Top 5 UK Eurovision Entries

By Joe Young - Deputy Culture Editor

#5 – Sandy Shaw – Puppet on a String

This song won the Eurovision Song Contest for the United Kingdom in 1967. It charted at #1 in the UK Charts too, and remained in the top spot for three weeks. Its singer, Sandy Shaw, wasn’t a fan, saying that she “hated it from the very first oompah to the final bang on the big bass drum. I was instinctively repelled by its sexist drivel and cuckoo-clock tune.”

#4 – Brotherhood of Man – Save Your Kisses For Me

Likely to be a song you’ve heard before in your life, this song brought the United Kingdom to victory in 1976. Very much a Middle of the Road track, the song described someone leaving for work and his emotions about a loved one. The twist? The final line of the song goes “Won’t you save them for me…even though you’re only three?”, meaning he was singing about one of his children. This song has the honour of being one of the few English Eurovision songs to ever reach the #1 spot in the French Charts.

#3 – Buck’s Fizz – Making Your Mind Up

At the time, it was a ground-breaking video – the men in the group ripped off pull-away dresses to reveal a much shorter get up for the women. How scandalously exciting it was to see Cheryl Baker’s knees! Again, the UK won the song contest this song featured in – in this case the 1981 contest. The song was a massive success aross the world, reaching #1 in the charts in the UK, Ireland, Austria, The Netherlands, Belgium, Spain, Israel, and Denmark.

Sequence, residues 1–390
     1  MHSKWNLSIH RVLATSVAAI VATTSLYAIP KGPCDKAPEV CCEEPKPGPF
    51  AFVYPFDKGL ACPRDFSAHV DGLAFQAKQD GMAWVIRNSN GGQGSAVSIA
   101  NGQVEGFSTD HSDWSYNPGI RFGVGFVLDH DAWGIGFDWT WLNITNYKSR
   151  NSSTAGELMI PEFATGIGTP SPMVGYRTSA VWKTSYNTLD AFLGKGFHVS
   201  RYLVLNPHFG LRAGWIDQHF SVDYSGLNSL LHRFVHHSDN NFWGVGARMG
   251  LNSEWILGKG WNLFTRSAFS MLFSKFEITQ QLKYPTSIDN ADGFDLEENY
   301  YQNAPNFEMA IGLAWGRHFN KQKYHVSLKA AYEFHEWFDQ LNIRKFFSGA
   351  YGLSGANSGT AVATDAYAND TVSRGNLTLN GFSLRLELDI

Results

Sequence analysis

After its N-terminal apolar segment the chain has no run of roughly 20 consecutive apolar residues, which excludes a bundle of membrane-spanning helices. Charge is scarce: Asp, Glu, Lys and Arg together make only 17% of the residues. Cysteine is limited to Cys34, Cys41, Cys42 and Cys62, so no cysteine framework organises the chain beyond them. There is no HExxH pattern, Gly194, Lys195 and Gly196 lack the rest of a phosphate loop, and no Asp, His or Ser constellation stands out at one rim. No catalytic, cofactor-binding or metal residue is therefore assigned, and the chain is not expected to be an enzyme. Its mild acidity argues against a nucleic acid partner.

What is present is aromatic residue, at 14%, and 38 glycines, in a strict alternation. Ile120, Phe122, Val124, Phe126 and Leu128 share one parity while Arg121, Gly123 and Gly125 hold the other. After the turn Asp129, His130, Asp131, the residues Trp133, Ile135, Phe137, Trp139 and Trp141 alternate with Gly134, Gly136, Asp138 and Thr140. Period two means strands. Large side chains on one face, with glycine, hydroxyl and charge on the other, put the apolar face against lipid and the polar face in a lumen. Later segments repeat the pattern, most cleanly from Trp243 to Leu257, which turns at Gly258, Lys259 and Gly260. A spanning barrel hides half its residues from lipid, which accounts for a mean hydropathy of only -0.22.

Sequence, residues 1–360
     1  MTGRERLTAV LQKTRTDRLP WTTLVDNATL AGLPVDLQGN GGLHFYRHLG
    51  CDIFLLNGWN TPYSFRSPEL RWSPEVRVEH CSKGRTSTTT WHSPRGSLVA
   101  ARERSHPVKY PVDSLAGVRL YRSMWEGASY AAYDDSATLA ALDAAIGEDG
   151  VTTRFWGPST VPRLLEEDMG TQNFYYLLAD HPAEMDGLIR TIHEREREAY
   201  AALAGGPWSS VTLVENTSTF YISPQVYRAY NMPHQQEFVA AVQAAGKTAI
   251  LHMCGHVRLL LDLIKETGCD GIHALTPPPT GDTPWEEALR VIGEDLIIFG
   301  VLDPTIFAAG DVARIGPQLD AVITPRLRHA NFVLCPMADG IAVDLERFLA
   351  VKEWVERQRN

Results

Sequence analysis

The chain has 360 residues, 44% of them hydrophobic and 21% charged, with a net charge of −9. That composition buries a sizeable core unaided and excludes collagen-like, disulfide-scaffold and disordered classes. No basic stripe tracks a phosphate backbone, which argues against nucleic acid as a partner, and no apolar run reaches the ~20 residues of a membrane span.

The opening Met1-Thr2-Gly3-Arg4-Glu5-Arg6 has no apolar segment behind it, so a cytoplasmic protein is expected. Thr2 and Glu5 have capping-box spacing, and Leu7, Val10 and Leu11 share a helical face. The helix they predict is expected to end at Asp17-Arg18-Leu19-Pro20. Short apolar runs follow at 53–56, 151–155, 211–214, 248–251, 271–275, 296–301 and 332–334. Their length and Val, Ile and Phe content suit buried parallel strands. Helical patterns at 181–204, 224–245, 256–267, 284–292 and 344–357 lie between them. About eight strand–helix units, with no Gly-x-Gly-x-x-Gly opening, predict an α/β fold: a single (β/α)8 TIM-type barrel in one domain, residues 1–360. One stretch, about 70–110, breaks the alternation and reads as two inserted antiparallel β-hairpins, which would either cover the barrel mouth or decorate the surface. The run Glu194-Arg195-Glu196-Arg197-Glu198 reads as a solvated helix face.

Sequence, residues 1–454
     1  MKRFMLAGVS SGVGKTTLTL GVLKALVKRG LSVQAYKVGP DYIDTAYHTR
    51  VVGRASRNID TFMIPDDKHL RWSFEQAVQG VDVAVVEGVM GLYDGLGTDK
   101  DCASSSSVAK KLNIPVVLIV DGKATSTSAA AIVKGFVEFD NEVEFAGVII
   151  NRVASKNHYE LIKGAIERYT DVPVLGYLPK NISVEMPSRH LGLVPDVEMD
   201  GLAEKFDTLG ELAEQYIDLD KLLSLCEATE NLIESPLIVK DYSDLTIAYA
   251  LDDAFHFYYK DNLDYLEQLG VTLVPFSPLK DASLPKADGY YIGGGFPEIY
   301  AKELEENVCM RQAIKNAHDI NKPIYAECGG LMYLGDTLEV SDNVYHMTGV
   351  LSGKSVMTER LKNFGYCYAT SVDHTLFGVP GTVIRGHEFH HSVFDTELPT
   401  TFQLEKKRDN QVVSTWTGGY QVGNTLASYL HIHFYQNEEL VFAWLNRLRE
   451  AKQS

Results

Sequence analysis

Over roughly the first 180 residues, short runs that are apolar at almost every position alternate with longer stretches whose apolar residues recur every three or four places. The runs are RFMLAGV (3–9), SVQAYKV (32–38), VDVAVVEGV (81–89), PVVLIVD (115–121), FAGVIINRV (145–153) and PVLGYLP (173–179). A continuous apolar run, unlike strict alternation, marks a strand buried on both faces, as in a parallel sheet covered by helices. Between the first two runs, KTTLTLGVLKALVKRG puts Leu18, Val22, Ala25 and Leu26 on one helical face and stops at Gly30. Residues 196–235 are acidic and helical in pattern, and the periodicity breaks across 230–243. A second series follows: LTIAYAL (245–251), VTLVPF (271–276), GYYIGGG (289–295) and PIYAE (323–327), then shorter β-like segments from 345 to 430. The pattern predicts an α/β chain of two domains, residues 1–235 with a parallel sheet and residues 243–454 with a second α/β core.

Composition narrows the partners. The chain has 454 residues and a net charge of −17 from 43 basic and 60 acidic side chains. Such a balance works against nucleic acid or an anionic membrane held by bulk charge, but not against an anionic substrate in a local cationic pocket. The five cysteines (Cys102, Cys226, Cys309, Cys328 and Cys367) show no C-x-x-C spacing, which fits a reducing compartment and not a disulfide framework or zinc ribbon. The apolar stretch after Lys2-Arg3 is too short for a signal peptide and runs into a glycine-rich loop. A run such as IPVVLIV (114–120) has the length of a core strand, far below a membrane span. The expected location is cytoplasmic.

#2 – Lulu – Boom Bang A Bang

Probably best known to the current generation as the theme song to the BBC3 comedy series Him & Her, this song tied for the winning spot at the 1969 Eurovision Song Contest with the French entry ‘Un Enfant, Un Jour’, the Dutch entry ‘De Troubador’, and the Spanish entry ‘Vivo Cantado’. Boom Bang A Bang never made it to #1 on the UK Charts either, peaking at #2 but becoming massively popular all across Europe.

1 – Katrina and the Waves – Love Shine A Light

Two days after the landslide victory of Tony Blair on 1st May, Katrina and the Waves stormed to a landslide success at the 1997 Song Contest, winning a total of 78.82% of the available votes, and winning with a massive 70 point margin between themselves and their closest competitor. Oddly, it did not get to #1 on any chart across Europe, peaking at #2 in Austria and Sweden, and at #3 in the UK.

About Joe Young 316 Articles
Joe Young has been involved with student media for a very long time now, holding posts within The Pulse, and Pulse Radio, as well as the predecessor of The Pulse, Pluto. He is currently Politics Editor of The Pulse, and Head of News of Pulse Radio. In 2016, he won the Media Award for Best Article for his coverage of the Fishergate Shopping Centre bomb scare.

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